Over the course of the week, my intention to celebrate skepticism evolved more into a crash course on some of the scientific skepticism basics. To all my already-skeptical friends, I apologise for writing all this stuff you know so well.
To everyone else, I hope you found it interesting and perhaps even enlightening.
There is a lot more to the worldview and the method – for example, I didn’t even touch on critical thinking. But there is one important caveat I really want to address in the closing post of the week.
Skepticism is not about being smug and knowing better. Unfortunately, in the process of skeptical inquiry, it may become difficult to avoid a situation when the skeptic comes across as a superior, condescending, know-it-all git. Usually this happens because we just happen to be more rigorous in our argumentation, and more rigorous in questioning the beliefs of other people.
If you’ve ever met a skeptic like that, I’m sorry. I assure you that their method was probably still sound, but they just weren’t good at also being a nice person. It is easy to forget that if you are human, you can be fooled. Even if you are a skeptic, there is no need to be smug about it.
After all, we all cherish our beliefs, because they help define who we are. Skeptical inquiry may challenge those beliefs, and can thus come across as an attitude that lacks compassion and empathy. If someone takes comfort in a certain superstition, it may be cruel to question it , so you need to make sure you ‘pick your battles’ and be appropriate in your questioning. But we do also need to make sure we foster a society where skeptical inquiry is not considered rude.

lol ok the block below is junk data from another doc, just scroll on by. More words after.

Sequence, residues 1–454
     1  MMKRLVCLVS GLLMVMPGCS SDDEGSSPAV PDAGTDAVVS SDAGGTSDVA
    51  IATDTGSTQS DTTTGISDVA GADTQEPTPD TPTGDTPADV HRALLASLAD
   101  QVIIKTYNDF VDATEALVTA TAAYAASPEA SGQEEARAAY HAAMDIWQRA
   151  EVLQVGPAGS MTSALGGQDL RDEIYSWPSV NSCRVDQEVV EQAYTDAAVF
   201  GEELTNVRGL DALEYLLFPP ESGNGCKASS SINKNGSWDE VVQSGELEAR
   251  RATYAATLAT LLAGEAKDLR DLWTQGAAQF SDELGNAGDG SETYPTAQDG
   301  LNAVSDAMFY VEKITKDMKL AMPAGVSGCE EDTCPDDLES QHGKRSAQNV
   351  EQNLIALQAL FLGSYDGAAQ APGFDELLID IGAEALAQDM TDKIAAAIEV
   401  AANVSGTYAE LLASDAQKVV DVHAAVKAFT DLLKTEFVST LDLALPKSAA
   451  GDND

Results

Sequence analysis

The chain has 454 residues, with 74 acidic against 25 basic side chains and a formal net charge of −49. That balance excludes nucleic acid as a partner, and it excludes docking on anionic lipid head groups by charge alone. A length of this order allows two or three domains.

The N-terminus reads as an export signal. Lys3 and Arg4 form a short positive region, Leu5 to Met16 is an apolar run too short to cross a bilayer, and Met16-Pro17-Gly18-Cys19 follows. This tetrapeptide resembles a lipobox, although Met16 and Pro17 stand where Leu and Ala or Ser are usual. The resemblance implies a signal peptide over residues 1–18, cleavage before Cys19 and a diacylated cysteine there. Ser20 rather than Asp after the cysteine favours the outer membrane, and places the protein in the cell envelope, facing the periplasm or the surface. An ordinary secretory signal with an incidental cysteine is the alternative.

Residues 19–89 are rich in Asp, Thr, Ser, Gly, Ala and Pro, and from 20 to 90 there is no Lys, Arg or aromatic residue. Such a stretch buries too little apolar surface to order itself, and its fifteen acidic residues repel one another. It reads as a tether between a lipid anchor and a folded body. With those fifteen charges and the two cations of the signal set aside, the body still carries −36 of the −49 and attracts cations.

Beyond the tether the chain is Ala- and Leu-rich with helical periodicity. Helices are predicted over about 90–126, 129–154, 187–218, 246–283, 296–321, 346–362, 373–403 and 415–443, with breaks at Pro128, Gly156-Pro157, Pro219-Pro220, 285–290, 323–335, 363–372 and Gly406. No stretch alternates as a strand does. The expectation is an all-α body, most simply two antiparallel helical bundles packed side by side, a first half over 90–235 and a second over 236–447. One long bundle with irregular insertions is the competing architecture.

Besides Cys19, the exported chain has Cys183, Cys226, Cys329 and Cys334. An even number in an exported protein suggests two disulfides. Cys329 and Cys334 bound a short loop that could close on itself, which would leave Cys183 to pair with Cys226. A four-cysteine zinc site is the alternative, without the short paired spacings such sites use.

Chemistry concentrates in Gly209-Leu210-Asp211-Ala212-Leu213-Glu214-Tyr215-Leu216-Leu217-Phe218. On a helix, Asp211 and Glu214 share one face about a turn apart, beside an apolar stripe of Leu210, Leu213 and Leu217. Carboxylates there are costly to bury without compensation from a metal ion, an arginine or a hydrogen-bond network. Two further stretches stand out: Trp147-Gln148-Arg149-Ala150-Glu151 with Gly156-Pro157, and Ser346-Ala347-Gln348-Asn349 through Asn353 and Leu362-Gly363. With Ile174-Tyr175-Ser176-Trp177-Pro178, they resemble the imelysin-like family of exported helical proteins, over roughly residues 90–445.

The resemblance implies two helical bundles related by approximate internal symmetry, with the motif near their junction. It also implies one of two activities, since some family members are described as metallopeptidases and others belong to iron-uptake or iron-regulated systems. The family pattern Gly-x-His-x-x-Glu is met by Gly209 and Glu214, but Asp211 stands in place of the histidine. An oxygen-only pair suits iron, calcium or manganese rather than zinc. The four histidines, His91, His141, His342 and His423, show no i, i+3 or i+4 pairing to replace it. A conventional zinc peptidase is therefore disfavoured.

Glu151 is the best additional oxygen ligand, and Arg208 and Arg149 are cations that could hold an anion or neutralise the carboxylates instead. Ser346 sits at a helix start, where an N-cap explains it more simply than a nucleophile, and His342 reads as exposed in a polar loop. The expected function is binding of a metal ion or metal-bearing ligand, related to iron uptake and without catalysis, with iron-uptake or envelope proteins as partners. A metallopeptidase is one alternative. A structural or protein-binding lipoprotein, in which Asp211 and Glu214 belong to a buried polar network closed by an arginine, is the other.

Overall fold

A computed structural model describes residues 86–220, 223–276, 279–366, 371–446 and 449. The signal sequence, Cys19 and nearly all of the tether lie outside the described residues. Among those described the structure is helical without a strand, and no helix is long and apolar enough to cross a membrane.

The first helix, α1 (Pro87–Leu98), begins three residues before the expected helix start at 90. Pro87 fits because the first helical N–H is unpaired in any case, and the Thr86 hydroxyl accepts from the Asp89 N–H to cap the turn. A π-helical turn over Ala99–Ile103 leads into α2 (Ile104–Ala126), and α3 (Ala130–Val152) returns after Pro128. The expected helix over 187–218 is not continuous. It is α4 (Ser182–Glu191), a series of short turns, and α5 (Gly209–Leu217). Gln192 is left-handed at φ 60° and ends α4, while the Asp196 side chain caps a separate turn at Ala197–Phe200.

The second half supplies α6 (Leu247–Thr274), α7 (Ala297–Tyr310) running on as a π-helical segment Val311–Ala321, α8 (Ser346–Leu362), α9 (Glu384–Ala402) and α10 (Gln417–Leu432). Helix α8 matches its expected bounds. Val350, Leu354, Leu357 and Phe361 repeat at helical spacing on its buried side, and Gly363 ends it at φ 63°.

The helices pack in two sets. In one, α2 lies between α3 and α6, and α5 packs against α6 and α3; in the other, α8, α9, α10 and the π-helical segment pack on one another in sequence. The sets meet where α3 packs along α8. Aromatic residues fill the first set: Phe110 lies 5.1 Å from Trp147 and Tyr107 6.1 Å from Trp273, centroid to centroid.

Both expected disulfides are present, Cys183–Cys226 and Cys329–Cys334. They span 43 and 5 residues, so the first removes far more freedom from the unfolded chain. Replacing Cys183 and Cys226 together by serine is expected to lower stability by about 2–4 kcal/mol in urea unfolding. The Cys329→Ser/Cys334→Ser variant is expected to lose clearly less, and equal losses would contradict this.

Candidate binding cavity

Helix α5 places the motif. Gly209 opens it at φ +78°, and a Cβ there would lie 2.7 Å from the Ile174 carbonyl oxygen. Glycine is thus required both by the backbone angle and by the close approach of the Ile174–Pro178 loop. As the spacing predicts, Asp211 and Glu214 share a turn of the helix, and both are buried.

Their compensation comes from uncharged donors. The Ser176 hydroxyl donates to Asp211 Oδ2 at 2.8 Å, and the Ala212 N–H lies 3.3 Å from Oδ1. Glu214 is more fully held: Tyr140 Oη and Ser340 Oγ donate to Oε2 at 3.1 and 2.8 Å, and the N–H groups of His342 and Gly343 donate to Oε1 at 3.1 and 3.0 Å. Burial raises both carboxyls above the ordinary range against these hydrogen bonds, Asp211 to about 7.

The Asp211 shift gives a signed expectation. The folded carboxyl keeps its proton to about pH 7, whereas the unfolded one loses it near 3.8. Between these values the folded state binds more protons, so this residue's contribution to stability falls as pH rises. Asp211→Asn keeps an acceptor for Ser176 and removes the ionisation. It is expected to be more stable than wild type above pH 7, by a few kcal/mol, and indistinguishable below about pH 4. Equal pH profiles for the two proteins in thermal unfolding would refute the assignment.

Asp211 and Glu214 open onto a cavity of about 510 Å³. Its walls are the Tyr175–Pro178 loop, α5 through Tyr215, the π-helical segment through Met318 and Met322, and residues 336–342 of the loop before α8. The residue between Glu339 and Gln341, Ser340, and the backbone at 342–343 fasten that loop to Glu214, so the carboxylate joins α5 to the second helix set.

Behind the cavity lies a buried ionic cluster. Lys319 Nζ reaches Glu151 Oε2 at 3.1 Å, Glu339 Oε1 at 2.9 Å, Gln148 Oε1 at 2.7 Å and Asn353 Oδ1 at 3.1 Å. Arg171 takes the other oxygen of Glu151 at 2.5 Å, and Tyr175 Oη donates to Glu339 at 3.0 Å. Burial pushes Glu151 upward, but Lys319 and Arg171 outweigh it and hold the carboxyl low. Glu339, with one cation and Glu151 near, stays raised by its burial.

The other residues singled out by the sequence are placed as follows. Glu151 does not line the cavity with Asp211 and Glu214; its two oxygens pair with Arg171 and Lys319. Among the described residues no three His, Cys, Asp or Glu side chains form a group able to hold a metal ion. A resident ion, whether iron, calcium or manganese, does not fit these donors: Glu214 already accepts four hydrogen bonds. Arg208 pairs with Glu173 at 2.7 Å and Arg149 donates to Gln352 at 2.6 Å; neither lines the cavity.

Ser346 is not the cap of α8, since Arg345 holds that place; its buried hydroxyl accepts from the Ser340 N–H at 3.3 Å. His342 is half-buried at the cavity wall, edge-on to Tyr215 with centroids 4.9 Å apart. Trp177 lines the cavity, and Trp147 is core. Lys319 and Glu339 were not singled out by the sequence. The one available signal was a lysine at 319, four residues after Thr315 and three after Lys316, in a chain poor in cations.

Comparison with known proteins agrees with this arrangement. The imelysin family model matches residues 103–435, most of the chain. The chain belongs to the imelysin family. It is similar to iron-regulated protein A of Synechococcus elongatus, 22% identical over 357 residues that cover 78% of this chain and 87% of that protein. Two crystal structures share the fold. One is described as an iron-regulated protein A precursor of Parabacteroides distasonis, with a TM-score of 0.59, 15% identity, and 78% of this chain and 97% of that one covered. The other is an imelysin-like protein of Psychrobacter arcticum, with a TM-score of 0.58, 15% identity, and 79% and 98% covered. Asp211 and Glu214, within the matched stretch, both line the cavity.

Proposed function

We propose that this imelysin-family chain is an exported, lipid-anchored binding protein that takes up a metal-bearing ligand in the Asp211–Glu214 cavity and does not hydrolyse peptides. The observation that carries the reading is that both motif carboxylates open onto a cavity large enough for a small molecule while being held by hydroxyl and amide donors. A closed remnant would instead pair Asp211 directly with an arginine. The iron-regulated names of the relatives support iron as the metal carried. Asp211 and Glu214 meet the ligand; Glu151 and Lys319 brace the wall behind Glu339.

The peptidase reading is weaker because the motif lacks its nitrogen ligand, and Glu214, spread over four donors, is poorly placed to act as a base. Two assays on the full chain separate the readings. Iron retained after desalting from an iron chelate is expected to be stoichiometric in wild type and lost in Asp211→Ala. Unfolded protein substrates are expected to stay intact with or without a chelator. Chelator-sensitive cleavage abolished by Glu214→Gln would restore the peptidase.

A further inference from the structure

In science there exists a fine balance between openness to new ideas and skeptical scrutiny – and we absolutely need both to drive the quest for knowledge forward. The majority of ideas do happen to be wrong, and without a process for sorting the wheat from the chaff, one will simply believe anything that comes along, which is not much better than being completely ignorant. So be rigorous, be skeptical, because that is the only way to find out the ideas which are better. But do take note:
“…every now and then a new idea turns out to be on the mark, valid and wonderful. If you are too resolutely and uncompromisingly skeptical, you’re going to miss the transforming discoveries in science [..] Mere skepticism is not enough.”
Carl Sagan, The Demon-Haunted World, ch. 17
This has been skeptical week. To find out why it was skeptical week, please read Monday’s post – and the rest of it!